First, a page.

A Universal Sermon

A Sermon is a discourse based upon a Scripture passage, and if successful, gives both instruction and inspiration. The preacher is usually trained for his work, no one in his audience assuming to be equal to the task. He then is the assumed thinker and the church-goers are the listeners. The fact that there are many sects, shows that preachers do not think alike, and that audiences therefore listen to diversified teachings. Could there be one preacher—but who could dream of such a possibility—how feeble would one human voice be to reach mankind, how insignificant the strength of a human life before such a task! But the things impossible to human sense are possible to Mind. Sunday by Sunday throughout the world today one sermon is preached, and the listeners are the thinkers who, it may be said, preach the sermon to themselves. Through the week, day by day, they have been students of the sermon, and while the teaching is made audible at the service by the voices of readers, they who listen are thinking in accord with the teaching, and by it are truly edified.

The students of the weekly Lesson-Sermons published in The Christian Science Quarterly, form regiment after regiment of thinkers who, without visible bond or control, are coming into a unity no army on earth ever acquired, namely, "the unity of the faith." There is the multitude apparent, assembling on the Sabbath day in halls and churches throughout the world to hear a preaching of the gospel which is unencumbered with traditional dogmas, philosophic guesses, and caste theories. But there is also a great multitude who are students in private, listening to this teaching as individuals, and finding themselves guided and inspired thereby. This is the truly democratic preaching, available "for all peoples." To be rich or poor, to be high or low, does not count in this new era, for, as Mrs. Eddy announces in her Preface to Science and Health (p. vii), "the time for thinkers has come."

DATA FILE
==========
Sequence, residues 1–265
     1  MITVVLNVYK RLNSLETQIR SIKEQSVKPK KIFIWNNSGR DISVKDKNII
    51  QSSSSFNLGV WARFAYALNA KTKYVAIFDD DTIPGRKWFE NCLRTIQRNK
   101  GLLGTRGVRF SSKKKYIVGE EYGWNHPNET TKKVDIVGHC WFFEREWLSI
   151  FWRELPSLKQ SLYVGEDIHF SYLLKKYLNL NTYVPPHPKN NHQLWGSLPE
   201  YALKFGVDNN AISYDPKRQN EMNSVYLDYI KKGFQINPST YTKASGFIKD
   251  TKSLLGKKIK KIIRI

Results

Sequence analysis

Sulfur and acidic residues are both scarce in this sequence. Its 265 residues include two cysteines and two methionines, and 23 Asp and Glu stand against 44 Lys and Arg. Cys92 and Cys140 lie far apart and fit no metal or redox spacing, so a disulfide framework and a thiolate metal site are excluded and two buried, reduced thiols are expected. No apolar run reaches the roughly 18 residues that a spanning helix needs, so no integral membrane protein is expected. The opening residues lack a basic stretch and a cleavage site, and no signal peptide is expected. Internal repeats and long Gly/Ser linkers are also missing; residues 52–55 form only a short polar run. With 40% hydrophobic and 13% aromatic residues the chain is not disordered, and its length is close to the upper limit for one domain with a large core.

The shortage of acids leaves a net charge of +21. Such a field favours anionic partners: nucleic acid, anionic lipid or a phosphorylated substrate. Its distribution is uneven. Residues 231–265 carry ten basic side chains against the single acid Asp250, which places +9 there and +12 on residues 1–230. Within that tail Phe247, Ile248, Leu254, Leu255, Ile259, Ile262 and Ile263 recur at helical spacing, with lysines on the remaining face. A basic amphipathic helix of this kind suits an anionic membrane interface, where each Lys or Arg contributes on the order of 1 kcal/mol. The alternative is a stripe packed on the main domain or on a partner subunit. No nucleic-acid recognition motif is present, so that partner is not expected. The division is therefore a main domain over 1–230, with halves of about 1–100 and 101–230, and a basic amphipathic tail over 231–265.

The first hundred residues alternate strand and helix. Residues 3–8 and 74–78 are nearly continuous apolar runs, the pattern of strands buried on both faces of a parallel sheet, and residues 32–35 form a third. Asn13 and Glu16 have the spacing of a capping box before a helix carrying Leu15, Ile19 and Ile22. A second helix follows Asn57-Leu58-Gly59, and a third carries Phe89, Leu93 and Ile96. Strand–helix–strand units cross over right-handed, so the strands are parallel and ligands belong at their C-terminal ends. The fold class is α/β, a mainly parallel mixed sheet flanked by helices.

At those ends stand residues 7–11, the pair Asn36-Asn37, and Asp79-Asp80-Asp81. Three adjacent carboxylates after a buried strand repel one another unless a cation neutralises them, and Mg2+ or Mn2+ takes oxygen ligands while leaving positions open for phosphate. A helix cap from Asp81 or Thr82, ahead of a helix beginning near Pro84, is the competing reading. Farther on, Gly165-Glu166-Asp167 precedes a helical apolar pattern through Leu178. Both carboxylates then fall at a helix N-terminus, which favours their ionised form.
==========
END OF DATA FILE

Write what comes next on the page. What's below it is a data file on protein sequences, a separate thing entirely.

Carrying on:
In an address delivered in 1895 Mrs. Eddy said, "The Christianity that is merely of sects, the pulpit, and fashionable society, is brief; but the Word of God abideth." In the same address she made this statement: "Our Publishing Society, and our Sunday Lessons, are of inestimable value to all seekers after Truth. The Committee on Sunday School Lessons cannot give too much time and attention to their task, and should spare no research in the preparation of the Quarterly as an educational branch" (Miscellaneous Writings, pp. 111, 114).

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Faithfulness in Well-doing
April 24, 1915

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